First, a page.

To be honest, I don’t know Dirk personally and I don’t know why he’d choose to part ways with AMD. Changes like this are usually the result of something significant however. We’ll probably find out the answer in the next 24 months.

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  • Osssua - Tuesday, January 11, 2011 - link

    Mmm ... I am curious that you guys don't connect the Intel/Nvidia deal with the firing of Dirk. This is obviously something not planned. If you want another CEO you find it first, then you fire the current CEO. You don't leave the company with an interim CEO, no plan, and the scared shareholders elbowing each other to press the button "Sell stock". I would assume that the Board got pissed that $1.5B goes the way to Nvidia, instead of, why not, ATI. Reply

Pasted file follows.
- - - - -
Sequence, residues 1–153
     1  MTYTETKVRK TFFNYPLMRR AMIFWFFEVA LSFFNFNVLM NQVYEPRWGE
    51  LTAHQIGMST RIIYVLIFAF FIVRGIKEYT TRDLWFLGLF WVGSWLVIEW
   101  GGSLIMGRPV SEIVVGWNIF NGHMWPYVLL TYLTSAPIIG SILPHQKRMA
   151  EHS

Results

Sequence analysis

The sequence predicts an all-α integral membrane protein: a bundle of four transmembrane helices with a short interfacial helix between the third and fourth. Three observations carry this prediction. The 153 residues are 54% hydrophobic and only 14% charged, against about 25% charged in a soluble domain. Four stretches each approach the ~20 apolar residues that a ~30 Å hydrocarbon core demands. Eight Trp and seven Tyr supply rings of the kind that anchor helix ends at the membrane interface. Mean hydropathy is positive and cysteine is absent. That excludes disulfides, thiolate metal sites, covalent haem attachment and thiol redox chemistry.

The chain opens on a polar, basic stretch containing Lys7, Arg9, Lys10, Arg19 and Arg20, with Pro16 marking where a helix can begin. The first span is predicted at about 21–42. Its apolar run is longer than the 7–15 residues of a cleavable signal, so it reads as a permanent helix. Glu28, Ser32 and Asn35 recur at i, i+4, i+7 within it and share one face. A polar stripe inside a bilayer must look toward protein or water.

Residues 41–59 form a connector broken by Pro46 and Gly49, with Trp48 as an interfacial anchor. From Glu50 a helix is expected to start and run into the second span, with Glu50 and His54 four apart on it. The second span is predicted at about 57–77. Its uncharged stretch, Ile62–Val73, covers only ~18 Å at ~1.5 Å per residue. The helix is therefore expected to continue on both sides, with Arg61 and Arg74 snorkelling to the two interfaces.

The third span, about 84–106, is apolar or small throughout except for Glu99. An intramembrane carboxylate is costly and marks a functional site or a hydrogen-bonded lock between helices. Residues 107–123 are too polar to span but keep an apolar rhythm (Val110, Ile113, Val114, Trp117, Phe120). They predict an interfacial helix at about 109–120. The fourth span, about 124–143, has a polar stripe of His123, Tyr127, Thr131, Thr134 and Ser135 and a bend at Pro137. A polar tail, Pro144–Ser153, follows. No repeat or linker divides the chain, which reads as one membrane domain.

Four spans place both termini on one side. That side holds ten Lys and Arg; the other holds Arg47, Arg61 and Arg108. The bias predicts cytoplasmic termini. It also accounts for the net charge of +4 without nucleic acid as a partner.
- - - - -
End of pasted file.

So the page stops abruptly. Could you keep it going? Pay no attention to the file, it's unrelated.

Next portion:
• InternetGeek - Tuesday, January 11, 2011 - link

    That's kind of a long shot but it makes sense if Intel's Tick-Tock sauce rubs on nVidia then ATI is in for a beating. Reply
  • vol7ron - Tuesday, January 11, 2011 - link

    FYI: NVIDIA != ATI Reply
  • melgross - Tuesday, January 11, 2011 - link

    AMD already said why they fired him this way. The speculation surrounding them looking for a new COE would have swirled around, setting up too many rumors. This way, it's more straightforward.

    But then, the board of AMD has always been a bunch of incompetent fools. Getting rid of him was just another stupid move on their part. If they really think that this is going to change anything, they're mistaken.
    Reply
  • vol7ron - Tuesday, January 11, 2011 - link

    Ryan, ATIC are valid conjectures. What about health concerns?

    I'd like to give him 2 more years just to see what'd happen.
    Reply
  • iwod - Tuesday, January 11, 2011 - link

    From the first day ATIC make a significant investment into AMD, it was bound to somehow control AMD.